Sunday, August 24, 2014

Some History of Coffee In New Orleans

The history of New Orleans as a coffee port may be considered as beginning with the transfer of Louisiana by Napoleon Bonaparte to the United States in 1803. In this year, according to Martin's History of Louisiana, New Orleans imported 1438 bags of coffee of 132 pounds each. In the latter part of the eighteenth century, settlers in large numbers had crossed the Allegheny Mountains from the Atlantic states into the valley of the Ohio River; and their crops of grain and provisions were exported by means of cheaply constructed rafts and boats, which were floated down the river to New Orleans, where they were generally broken up and sold for use as lumber and firewood—there being, at that time, no power available for propelling them back against the current of the river.

From 1803 until 1820, on account of the difficulty of navigating upstream, New Orleans imports did not increase as rapidly as exports. In 1814, however, the first crude steamboat had begun to carry freight on the river; and by 1820, the supremacy of New Orleans as the gateway of the Mississippi Valley had been for the time established by this new means of transportation. The coffee-importing business flourished; and, from its modest beginning in 1803, grew to 531,236 bags in 1857.

By this time, however, New Orleans had begun to feel the competition of the Erie Canal, and of the systems of east and west railroad lines which had been in the course of active construction during the preceding fifteen years. The railroad systems which had as their ports Boston, New York, Philadelphia, and Baltimore, entered upon a desperate war of freight rates, each in the endeavor to establish the supremacy of its own port. As the building of railroads had been entirely east and west, and no large amount of capital had been invested in north and south lines, much of the business of the valley was diverted to the Atlantic ports, apparently never to return to New Orleans.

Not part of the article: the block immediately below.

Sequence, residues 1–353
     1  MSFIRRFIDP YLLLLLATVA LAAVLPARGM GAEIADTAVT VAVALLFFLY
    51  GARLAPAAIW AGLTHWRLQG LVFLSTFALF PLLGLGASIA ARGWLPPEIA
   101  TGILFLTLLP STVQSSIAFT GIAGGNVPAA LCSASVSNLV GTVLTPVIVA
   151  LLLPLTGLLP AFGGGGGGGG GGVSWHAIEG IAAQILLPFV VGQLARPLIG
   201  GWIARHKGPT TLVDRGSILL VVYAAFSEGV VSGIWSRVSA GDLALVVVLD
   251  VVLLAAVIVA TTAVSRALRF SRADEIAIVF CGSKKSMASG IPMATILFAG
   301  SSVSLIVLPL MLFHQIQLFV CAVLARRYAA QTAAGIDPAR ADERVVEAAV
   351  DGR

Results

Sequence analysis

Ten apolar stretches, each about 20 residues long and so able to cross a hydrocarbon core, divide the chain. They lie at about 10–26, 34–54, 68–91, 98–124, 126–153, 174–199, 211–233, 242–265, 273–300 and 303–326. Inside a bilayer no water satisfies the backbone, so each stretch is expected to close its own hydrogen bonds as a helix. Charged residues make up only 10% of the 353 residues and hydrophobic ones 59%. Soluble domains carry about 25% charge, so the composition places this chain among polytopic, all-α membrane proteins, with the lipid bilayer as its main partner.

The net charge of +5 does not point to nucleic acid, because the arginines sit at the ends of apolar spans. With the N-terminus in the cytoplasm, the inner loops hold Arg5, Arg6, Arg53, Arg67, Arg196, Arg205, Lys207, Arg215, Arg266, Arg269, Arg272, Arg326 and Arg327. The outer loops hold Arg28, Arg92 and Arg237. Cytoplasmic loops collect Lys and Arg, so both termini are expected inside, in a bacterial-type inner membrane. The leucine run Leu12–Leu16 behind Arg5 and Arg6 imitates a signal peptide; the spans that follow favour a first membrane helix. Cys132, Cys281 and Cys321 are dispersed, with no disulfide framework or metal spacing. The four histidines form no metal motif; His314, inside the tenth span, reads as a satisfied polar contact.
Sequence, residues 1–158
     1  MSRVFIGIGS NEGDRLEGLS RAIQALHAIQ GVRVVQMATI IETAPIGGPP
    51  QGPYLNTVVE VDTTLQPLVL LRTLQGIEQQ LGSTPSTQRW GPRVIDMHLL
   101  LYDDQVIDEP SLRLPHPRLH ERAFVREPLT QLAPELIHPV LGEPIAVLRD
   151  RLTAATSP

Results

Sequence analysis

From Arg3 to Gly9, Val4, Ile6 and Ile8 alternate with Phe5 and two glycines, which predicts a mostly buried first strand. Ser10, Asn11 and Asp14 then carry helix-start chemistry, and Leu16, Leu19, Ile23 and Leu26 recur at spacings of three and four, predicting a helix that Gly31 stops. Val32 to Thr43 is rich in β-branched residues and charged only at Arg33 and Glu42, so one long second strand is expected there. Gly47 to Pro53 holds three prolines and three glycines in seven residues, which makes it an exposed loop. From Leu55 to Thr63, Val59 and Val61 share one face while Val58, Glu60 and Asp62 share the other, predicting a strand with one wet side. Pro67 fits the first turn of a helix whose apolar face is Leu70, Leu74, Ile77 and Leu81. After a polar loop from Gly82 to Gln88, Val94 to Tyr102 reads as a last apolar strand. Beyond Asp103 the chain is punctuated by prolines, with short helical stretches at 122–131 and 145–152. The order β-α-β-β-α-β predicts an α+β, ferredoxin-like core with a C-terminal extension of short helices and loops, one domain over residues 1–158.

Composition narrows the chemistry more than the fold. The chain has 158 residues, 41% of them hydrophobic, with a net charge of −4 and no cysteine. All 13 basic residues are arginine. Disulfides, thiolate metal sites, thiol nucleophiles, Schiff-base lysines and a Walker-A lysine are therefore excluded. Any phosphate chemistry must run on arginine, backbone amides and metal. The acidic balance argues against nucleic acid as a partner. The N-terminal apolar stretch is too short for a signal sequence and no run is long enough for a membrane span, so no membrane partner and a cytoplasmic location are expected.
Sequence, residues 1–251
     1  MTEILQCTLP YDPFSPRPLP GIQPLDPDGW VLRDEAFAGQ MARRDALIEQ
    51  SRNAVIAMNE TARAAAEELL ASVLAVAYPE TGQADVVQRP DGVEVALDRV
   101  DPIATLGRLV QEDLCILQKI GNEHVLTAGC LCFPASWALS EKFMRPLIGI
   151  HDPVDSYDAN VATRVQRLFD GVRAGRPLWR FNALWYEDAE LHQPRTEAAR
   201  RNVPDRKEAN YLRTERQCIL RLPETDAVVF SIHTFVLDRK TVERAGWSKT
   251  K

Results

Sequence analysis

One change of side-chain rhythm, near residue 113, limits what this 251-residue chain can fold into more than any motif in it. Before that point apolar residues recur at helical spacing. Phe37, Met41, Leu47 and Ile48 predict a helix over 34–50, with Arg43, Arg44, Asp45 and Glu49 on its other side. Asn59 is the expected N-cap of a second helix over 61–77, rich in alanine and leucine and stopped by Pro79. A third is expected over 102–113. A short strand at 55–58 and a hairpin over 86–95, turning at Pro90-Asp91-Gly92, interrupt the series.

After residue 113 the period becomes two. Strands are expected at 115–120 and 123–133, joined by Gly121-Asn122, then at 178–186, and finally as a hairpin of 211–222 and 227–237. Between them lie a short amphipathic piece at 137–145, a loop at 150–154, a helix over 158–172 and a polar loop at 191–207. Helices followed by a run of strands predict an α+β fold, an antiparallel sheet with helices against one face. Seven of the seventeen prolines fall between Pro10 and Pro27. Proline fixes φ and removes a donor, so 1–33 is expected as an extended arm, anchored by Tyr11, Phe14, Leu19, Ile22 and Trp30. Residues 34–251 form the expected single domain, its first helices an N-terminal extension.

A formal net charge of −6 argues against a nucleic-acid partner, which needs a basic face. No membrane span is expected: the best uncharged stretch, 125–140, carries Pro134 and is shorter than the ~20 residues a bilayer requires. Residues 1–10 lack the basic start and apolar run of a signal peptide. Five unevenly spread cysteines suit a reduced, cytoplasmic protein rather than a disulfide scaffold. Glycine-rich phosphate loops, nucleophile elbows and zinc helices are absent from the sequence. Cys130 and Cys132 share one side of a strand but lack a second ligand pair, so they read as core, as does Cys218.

In 1862, on account of the blockade of the port, not a bag of coffee was imported through New Orleans, and practically none came in until the year 1866, when the small amount of 55,000 bags was the total for the year. At about this time, Boston and Philadelphia became negligible importing quantities; the business of Baltimore continued to be quite prosperous; and New York rapidly increased her imports and took the commanding position.
Shipments were by sailing vessels, a full cargo being about 5000 bags. Fancy grades, like Golden Rios, washed and peaberries, were shipped in double bags. Musty coffees were common, and every bag in a cargo was sampled for must. S. Jackson was first to issue regular manifests. With the entry of steamers into the coffee transport business, New Orleans was placed at a disadvantage as steamer rates were about twenty cents a bag higher to New Orleans than to New York, and imports were limited. The subsequent revival of the business was due largely to Hard & Rand. Being unable to obtain steamer rates equal to those quoted in New York, Hard & Rand chartered steamers for New Orleans; and soon the trade began to offer cost and freight to New Orleans.